The changes will help to prevent scams and to ensure the Financial Services Register presents a clearer picture of the permissions firms hold.
The Financial Conduct Authority (FCA) has published draft guidance that aims to help it to move faster to remove regulatory permissions that are no longer being used by financial services firms.
The changes aim to prevent scams and to ensure the Financial Services Register presents a clearer picture of the permissions firms hold.
Firms are required to confirm that the information on the Financial Services Register is accurate on an annual basis.
The new power, granted to the FCA via the Financial Services Act 2021, will streamline and shorten the process of removing firm permissions.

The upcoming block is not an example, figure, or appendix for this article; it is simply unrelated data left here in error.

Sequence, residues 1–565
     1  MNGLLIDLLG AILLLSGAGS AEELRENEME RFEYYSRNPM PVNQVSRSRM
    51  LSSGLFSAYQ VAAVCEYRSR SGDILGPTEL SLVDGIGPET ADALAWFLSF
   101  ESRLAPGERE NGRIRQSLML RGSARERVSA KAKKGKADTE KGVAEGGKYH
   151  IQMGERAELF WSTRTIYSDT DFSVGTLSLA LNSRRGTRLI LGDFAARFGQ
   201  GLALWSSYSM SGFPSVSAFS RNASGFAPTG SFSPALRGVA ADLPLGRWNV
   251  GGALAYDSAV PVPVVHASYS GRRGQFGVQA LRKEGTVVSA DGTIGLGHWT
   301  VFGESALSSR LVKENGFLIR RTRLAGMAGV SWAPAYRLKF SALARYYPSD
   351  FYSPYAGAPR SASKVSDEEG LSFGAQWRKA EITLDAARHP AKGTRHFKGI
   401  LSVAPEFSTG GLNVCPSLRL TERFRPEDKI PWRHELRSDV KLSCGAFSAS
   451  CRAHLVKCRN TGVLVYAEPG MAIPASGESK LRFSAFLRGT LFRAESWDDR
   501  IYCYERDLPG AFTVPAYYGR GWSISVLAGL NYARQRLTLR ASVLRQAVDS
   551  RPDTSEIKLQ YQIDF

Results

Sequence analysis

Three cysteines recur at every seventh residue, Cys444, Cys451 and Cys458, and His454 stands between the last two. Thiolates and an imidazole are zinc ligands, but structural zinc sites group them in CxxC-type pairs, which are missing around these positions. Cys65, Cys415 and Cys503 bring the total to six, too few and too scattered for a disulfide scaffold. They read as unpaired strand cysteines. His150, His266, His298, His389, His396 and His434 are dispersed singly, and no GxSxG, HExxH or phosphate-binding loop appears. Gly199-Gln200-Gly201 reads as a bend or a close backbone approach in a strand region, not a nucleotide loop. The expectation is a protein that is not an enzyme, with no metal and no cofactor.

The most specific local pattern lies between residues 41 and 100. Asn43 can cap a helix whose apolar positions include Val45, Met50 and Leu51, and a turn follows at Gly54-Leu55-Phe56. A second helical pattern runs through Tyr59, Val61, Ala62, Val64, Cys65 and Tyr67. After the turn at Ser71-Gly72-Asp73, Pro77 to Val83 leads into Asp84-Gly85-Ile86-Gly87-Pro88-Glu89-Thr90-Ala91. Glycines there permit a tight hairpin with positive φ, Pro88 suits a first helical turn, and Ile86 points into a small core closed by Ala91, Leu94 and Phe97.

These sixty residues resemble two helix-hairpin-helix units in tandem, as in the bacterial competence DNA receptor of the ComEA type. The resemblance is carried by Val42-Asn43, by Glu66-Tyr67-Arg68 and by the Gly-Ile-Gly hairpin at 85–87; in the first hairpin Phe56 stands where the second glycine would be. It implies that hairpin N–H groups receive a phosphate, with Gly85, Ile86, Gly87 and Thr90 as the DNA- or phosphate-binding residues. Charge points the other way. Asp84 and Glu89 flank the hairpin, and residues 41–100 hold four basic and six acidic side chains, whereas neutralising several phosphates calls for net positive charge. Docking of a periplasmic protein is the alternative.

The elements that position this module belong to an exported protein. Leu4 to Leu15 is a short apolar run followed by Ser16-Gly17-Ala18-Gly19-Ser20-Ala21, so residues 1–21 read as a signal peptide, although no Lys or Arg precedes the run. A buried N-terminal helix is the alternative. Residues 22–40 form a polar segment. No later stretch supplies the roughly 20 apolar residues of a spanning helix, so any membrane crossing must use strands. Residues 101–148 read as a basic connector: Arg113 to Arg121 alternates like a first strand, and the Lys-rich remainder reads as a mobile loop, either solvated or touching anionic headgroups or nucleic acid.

The FCA will be able to start the cancellation process as soon as it considers permissions are not being used, by serving 14 days’ notice on a firm.
The FCA will then be able to vary or cancel permissions after one month.
As part of its transformation, the FCA recently announced separate changes to its decision-making and governance to enable it to make faster and more effective decisions.
Mark Steward, executive director of enforcement and market oversight at the FCA, said: "We want to use this power to take quicker action to prevent consumers being misled.
"It is part of our transformation and drive to be more assertive, drawing on an innovative approach and using new streamlined processes to make important regulatory interventions.
"Firms can and should apply to have their permissions cancelled if they no longer plan to use them but many fail to do so.
"We understand that business models may evolve over time and there may be valid reasons why regulatory permissions are not being used, but unless firms notify us and keep their permissions up to date, they will risk losing market access."